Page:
Moving towards a fair fashion industry requires brands to take several steps. Brands should engage in supply chain transparency by thoroughly understanding and monitoring the processes involved in their production. This includes not only the sourcing of materials but also the working conditions and treatment of workers at every stage.
Brands should prioritize responsible sourcing and production practices. This means partnering with suppliers and manufacturers that adhere to fair labor standards, promote worker welfare, and provide safe working environments.
As our experience has shown us, brands should invest in building long-term relationships with their suppliers and factories, fostering collaboration, and promoting fair practices. By working closely with their partners, brands can collectively address challenges and improve social and humanitarian conditions within the industry.
The journey of a product now continues far beyond the point of initial sale, and into resale, re-use, and recycling. How do you measure that longer-term impact?
To measure this impact, at Fairly Made®️ we have developed our own approach that takes into account the entire lifecycle of the textile.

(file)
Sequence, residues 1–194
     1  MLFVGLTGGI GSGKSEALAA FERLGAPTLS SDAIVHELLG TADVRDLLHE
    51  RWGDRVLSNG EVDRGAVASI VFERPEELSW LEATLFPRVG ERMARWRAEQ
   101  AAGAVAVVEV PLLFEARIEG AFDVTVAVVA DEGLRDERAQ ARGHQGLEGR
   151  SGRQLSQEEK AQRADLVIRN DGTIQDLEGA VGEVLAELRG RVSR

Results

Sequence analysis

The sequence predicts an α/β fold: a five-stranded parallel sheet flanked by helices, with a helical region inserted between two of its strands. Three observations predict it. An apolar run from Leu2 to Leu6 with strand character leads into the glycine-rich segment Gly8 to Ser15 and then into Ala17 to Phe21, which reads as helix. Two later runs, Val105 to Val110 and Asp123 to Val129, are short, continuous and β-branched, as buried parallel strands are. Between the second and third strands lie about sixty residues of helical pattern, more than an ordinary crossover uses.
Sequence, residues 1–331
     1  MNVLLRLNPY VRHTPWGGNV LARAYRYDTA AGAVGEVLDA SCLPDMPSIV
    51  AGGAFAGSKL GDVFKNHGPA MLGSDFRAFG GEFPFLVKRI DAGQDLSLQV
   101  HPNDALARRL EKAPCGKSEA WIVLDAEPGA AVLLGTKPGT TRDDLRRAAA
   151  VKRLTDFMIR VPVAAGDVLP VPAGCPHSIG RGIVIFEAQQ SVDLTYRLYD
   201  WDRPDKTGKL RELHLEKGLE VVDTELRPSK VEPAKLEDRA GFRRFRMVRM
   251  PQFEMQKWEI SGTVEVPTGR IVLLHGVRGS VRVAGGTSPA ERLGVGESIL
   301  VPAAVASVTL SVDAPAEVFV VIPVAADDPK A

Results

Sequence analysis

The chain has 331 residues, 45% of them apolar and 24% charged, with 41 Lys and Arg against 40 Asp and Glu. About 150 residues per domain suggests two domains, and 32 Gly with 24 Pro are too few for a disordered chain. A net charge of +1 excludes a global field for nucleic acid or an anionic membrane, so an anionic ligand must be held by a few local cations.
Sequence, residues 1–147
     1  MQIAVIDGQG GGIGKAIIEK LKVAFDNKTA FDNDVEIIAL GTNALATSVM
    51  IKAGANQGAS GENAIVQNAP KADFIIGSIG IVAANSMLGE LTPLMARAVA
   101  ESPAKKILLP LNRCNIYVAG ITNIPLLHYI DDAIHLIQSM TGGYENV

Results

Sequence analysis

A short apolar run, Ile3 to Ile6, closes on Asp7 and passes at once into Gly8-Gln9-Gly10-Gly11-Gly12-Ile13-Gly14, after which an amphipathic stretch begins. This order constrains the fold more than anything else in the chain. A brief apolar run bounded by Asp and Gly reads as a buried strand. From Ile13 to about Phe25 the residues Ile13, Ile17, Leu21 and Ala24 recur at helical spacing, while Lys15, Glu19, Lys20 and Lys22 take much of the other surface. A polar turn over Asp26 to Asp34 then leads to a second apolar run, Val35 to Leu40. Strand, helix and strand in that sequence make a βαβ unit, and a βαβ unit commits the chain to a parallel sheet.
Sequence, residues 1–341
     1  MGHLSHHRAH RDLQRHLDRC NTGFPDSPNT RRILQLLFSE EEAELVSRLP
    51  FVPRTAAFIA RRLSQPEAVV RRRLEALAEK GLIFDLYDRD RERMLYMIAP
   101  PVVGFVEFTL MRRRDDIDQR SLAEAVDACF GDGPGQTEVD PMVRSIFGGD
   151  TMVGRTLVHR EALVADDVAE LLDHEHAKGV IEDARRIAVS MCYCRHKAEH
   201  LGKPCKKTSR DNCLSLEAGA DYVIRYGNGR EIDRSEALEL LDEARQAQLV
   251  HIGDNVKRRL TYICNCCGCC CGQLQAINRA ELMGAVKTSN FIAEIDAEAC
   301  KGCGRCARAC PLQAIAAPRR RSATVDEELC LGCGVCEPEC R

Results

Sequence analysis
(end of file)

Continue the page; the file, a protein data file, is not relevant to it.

One key aspect is the measurement of the textile’s impact even in the case of recycling. We recognize the importance of tracking and assessing the environmental and social implications of recycling processes. By considering the energy consumption, emissions, and waste generated during recycling, we can quantify the sustainability of these practices.
Moreover, we promote upcycling and reusing as sustainable alternatives to disposal. By encouraging consumers to identify recyclable materials and assisting our client brands in choosing more recyclable materials, we aim to reduce waste and extend the product’s lifespan. This collaborative effort not only enhances the product’s longer-term impact but also facilitates a shift towards circularity in the textile industry.
By integrating environmental considerations from the early stages of product development, we can already improve the overall impact and end-of-life possibilities.